Intriguing states of magnetism1 arise in transition-metal silicides and germanides of the B20-type such as MnSi2,3, Fe1−xCoxSi4,5,6, and FeGe7,8,9. The competition of ferromagnetic exchange, Dzyaloshinskii–Moriya (DM) interaction, and magnetic anisotropy leads to a variety of complex magnetic phases with spins forming helical or conical spirals, as well as long-range-ordered lattices of magnetic whirls10. These spin structures are appealing as they give rise to anomalous transport properties11,12, exotic vortex domain walls13 and unusual dynamic spin-wave phenomena14,15,16. Of particular interest is the emergence of topologically protected spin states, that is, stable magnetic configurations that cannot be generated or destroyed by a continuous transformation of the spin system17. These topological defects are explicitly robust and may serve as functional objects in future spintronics devices18,19. At present, however, we are only at the verge of grasping the technological potential of topological spin states20,21 and their complex nanoscale physics is still largely unexplored.

During the last years, research activities in the field mainly focused on topologically protected magnetic whirls called skyrmions. Skyrmions arise in various B20 materials under magnetic fields and represent particle-like entities that can be moved12, written and erased on demand22. Although it is known that the formation of skyrmions is facilitated by superior topological defects that develop in the helimagnetic ground state23, little attention has been paid to the latter ones. In the helimagnetic phase topological defects arise, for example, in the form of magnetic edge dislocations24,25. Analogous to edge dislocations in crystals and nematics, these magnetic edge dislocations naturally develop where helical spin textures of unequal phase meet, compensating for the local mismatch. At the bulk level, such line-like topological defects are often neglected as they affect only a small fraction of the volume. At the nanoscale, however, the defects and their dynamics become crucial as they can lead to significant perturbations in the electronic structure in itinerant helimagnets. Thus, due to the close relation to the formation of the skyrmion phase and their general significance for the research on topological states, a detailed knowledge about the dynamics of topological defects in the helimagnetic state is highly desirable.

The probing of intrinsic micromagnetic instabilities at the nanoscale in a non-invasive way is a well-known challenge. Conventional microscopy methods, such as Lorentz transmission electron microscopy, magnetic force microscopy (MFM)26 and scanning tunnelling microscopy27, make either use of an electron beam or a magnetic probe tip and can themselves influence the behaviour of the spin structure. As a consequence, it is difficult to unambiguously separate between intrinsic and extrinsic, probe-induced dynamical effects. Nitrogen vacancy (NV) centre-based magnetometry28,29 is a rather new experimental method that, in principle, is capable of providing the desired information. This technique has already been used successfully to study, for example, vortices30, domain walls31,32 and spin wave excitations33,34 in ferromagnets, but it has never been used to probe (helical) antiferromagnetic spin arrangements and rarely been applied under cryogenic conditions35,36.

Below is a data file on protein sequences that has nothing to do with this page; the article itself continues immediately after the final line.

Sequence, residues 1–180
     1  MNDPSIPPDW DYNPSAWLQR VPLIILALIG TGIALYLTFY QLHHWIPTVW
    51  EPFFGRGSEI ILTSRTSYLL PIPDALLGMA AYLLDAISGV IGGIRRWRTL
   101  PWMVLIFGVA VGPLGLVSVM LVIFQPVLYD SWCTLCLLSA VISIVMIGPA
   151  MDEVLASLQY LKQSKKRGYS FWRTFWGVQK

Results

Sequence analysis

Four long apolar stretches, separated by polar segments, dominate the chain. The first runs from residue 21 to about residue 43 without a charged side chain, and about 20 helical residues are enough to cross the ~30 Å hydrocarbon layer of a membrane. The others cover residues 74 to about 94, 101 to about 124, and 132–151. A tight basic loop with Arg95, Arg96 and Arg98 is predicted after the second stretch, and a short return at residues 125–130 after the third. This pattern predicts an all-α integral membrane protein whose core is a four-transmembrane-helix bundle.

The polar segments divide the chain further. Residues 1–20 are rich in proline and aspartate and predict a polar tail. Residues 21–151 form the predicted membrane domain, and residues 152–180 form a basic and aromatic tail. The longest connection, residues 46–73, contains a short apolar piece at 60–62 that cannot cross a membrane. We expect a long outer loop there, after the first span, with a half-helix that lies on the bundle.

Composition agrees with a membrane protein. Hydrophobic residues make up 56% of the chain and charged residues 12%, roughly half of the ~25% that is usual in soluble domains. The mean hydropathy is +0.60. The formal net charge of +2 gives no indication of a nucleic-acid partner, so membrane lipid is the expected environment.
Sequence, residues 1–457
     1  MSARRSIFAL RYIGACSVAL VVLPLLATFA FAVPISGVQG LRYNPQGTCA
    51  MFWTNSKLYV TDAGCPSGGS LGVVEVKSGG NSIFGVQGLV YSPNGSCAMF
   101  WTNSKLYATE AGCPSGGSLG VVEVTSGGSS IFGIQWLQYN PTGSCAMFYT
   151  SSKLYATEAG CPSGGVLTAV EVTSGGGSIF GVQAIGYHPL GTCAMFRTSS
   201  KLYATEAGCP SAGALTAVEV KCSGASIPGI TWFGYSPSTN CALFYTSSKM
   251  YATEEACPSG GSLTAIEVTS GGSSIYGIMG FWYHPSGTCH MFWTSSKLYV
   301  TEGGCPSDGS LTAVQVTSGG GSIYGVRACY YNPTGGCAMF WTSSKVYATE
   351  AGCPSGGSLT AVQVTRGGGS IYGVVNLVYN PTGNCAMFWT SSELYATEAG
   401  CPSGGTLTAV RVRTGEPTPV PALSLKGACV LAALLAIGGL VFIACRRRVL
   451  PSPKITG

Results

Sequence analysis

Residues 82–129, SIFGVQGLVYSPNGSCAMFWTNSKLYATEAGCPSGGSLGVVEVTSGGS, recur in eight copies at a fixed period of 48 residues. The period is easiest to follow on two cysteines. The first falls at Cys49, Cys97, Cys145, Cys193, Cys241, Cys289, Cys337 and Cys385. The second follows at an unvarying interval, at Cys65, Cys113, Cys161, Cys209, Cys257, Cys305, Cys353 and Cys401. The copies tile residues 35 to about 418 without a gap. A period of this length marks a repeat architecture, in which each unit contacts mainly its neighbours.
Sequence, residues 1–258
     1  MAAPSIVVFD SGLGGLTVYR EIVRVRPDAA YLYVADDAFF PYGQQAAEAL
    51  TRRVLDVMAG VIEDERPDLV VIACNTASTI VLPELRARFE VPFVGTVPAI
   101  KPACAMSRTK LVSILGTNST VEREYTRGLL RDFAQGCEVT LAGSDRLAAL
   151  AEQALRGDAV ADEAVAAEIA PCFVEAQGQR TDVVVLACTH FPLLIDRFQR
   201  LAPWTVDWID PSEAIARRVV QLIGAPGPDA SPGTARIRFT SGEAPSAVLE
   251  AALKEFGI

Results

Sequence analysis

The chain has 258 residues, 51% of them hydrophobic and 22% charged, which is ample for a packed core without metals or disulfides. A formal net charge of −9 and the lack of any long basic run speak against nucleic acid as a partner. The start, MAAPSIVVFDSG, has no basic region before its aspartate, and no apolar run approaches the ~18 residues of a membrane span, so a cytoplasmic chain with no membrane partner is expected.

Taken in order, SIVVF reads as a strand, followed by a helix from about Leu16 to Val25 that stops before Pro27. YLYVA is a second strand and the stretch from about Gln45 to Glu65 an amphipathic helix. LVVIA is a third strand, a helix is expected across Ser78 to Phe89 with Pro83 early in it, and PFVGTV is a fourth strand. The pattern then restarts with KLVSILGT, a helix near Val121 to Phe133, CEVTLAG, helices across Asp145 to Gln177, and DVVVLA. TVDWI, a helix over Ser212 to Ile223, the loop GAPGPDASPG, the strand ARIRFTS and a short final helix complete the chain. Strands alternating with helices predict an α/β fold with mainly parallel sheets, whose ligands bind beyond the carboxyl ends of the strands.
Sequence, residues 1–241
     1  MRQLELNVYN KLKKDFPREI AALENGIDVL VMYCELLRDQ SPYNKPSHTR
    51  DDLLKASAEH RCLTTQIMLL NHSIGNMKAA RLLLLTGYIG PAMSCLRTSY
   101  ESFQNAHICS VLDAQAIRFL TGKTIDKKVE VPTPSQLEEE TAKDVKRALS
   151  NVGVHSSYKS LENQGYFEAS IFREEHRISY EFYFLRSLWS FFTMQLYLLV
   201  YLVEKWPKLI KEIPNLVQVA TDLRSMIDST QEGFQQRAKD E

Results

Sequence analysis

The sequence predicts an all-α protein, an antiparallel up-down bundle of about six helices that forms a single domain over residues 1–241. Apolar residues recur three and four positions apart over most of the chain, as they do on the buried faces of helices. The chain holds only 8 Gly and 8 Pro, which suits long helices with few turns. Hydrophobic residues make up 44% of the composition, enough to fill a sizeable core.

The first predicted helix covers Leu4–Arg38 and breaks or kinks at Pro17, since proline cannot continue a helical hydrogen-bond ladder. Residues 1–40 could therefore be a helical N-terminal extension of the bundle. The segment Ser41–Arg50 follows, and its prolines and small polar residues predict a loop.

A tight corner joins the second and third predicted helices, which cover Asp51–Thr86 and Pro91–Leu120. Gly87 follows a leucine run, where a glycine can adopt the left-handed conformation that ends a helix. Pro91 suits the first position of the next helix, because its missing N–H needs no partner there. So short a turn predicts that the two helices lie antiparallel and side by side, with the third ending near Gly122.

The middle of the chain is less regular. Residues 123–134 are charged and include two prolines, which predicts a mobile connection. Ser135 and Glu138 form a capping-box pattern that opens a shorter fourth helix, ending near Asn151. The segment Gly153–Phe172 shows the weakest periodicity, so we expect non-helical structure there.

In this article, we study emergent micromagnetic dynamics in the helimagnetic phase of FeGe based on MFM, NV centre magnetometry, and Landau–Lifschitz–Gilbert (LLG) simulations. The MFM measurements reveal temperature-driven local changes in the magnetic domain structure, as well as jump-like collective movements of the helical spin texture that propagate over mesoscopic length scales. The collective movements are driven by the depinning and subsequent motion of topological magnetic edge dislocations by which the system relaxes its magnetic structure. Single-spin magnetometry experiments with NV centres, immobilized on the FeGe surface, show that these dynamics are intrinsic and highlight their stochastic nature. Coarse-grained LLG simulations are applied to analyse the microscopic magnetization dynamics. The simulations demonstrate that the movement and annihilation of topological defects plays a key role for the self-organization of the spin structure and the development of a long-range-ordered helimagnetic ground state.


Helimagnetism in FeGe probed by magnetic force microscopy

For our studies on the dynamics of topological magnetic defects, we choose cubic FeGe37 as it exhibits helimagnetic order near room temperature with TN≈280 K and because its phase diagram is well-characterized38. Single crystals of FeGe were grown by the chemical vapour transport method39 as explained in the Methods section. The helical axis of the spin system in FeGe is described by a wave vector q, which first points along the crystallographic 〈001〉 direction (Fig. 1a), changing to the 〈111〉 direction below 211 K on cooling8. We begin our discussion with the spatially resolved MFM measurements shown in Fig. 1b–e. The MFM data are collected in two-path mode, recording first the topography in semi-contact and then the magnetic response with a fixed tip-surface distance of about 30 nm (a representative topography image is shown in Supplementary Fig. 1; see Methods section for further technical details). After cooling the sample to 265 K, alternating bright and dark lines are clearly visible, indicating a periodic magnetic structure. To relate the MFM data to the microscopic spin arrangement, we calculate the magnetic stray field for helimagnetic order with periodicity λ and a constant magnetization amplitude |M|=M (see Fig. 1a for a schematic illustration of the helical spin structure). The magnetic structure can be described as